Yes, there was something about a “beautiful” claustrophobia regarding the interior shots. It was only a matter of time that those hallways permanently encased the protagonist. God, I hope I’m old enough to miss cyborg takeover. I really liked Oscar Isaac’s performance too – kind detestable in a likeable way. The scene where he ends up not drinking throws the audience off. He knows more than we thought!!!
I felt the same about your insightful description of Oscar ‘s character. Well, we think all along that Oscar’s human subject is preselected based on his intelligence and acumen, but he’s actually a SNAG and put there to see if he can be coaxed by Ava. It’ s a great twist.
It really is a well executed twist. I like Oscar a lot. He was perfectly cast in Dune. I’m not sure if you were a fan of that one, but I really enjoyed it.
That twist; reflecting the movie is so subtle and nuanced but ironically hits the audience like a thunderbolt.
I have to see Dune again. We watched it all in the cinema late at night after a long day of Tennis and it had ‘voiceover’ in Spanish (so at least the kids could understand it).
I was a bit lost seeing it, but loved the visuals. I’ll wait till it comes out on DVD to get me a copy, if it hasn’t already come out.
Good call! It’s worth another shot. I’m seeing it again in August at the Red Rocks Amphitheater! Can’t wait!
Nice, I hope you enjoy. Had you read the book /s before coming into it?
No, just saw the David Lynch version which put me to sleep. I actually thought this reboot was easier to follow, included well staged action and effects, and Hans Zimmer’s Oscar-winning score was mesmerizing…
Yeh, the score was awesome. The visuals were amazing. It reminded me of seeing Bladerunner 2049 and latest Mad Max in cinema. It was just hard to get immersed because of our circumstances. It wasn’t a kids movie lol
No, not a kids movie. Even my teenaged students didn’t like it. My millennial coworkers loved it, and it’s the only thing I have in common with them.
I can understand how your teenage students didn’t like it. It’s very Bladerunner -ish in its approach. It’s slow and builds a world. Why is the movie the only thing you have in common with your co-workers?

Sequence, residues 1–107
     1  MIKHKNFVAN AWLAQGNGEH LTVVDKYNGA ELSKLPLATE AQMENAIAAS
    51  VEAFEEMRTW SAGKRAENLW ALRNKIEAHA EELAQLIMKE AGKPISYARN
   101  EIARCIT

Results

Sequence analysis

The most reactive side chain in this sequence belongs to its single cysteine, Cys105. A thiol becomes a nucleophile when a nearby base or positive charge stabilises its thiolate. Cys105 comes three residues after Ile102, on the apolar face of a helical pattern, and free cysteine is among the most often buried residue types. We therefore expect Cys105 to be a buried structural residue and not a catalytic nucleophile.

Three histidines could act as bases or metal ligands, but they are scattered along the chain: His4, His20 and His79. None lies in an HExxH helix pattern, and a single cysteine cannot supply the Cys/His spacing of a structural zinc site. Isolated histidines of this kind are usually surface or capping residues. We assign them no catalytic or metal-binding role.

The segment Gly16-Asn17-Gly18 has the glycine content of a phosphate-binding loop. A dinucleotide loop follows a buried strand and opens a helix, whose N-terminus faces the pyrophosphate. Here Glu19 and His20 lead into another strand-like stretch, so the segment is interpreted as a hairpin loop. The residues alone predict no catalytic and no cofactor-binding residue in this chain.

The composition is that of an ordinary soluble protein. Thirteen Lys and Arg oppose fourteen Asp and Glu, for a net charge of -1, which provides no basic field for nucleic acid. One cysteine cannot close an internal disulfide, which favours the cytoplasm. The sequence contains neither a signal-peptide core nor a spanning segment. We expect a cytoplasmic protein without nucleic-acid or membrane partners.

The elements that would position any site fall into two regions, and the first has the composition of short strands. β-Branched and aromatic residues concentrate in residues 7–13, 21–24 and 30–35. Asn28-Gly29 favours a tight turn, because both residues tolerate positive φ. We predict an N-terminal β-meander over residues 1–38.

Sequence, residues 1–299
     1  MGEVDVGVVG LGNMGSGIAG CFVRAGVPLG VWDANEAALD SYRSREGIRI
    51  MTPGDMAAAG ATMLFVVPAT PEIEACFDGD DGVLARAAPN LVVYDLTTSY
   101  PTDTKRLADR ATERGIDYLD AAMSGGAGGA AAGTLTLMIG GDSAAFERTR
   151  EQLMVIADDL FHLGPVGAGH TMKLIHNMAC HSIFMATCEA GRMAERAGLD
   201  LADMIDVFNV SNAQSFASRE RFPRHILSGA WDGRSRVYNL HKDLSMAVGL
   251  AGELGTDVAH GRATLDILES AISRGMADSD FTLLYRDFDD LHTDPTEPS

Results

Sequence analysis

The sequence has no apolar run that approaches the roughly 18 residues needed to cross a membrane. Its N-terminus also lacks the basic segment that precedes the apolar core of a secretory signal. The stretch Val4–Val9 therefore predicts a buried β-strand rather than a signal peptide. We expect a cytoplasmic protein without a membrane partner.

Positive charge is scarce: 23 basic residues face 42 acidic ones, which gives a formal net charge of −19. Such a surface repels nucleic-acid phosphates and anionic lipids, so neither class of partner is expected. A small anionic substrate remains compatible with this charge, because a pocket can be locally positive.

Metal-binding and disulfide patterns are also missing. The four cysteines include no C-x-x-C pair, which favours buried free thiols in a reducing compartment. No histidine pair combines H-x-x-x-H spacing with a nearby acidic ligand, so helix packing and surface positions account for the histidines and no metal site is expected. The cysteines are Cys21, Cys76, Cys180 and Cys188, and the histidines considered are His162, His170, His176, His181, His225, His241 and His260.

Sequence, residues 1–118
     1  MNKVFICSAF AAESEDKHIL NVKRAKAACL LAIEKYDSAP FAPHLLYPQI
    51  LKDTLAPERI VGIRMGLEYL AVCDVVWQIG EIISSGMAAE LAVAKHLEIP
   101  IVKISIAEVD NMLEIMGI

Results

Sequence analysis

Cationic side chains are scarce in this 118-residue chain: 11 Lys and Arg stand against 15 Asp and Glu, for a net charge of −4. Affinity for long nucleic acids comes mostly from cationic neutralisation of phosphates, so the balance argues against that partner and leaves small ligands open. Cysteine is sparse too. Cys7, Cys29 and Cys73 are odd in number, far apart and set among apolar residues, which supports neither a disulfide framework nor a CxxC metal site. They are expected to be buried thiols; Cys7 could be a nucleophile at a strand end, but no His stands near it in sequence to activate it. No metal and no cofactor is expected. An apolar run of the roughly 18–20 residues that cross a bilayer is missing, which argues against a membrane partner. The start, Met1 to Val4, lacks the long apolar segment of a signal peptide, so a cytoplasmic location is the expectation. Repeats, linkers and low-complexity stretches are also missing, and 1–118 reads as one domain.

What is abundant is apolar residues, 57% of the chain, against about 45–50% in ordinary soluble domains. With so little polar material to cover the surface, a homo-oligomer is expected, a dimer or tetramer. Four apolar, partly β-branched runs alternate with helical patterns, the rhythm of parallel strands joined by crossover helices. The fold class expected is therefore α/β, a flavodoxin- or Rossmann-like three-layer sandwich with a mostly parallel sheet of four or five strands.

It’s a jest. Millennials seems to like everything. On the Letterboxd app I highly recommend, I think I’m the only Gen-Xer. They’re fine. But, their movie reviews mount to: “I liked it. Made me want to eat a nice steak.” That was for Boiling Point. Ugh.
I had to look up Boiling Point. I don’t envy you in that pursuit to appease them lol
Not sure if that will open for you. Great little movie 🙂
Peace to you, OB!
Do we say Happy Winter to you?
I highly doubt it will open for me, but I did search Boiling Point and found it. Peace to you too Reely.
We are in a tropical climate here close to the Equator so it is Wet or Dry season and it’s Wet man!
You’re a good egg. I always enjoy our conversations. Cheers.
Hey Reely, I just got back from seeing Top Gun: Maverick. Sometimes when I’ve read so many positive reviews of a movie I can eventually feel a bit let down if it doesn’t meet my expectations. That was certainly not the case with this movie. I was enthralled and I’m looking forward to going back to see it again soon with the kiddies. The special effects, sound and acting were really good. There were some cliche lines, but that didn’t detract much from the movie. This movie was all class and it’s normally of a genre I detest seeing.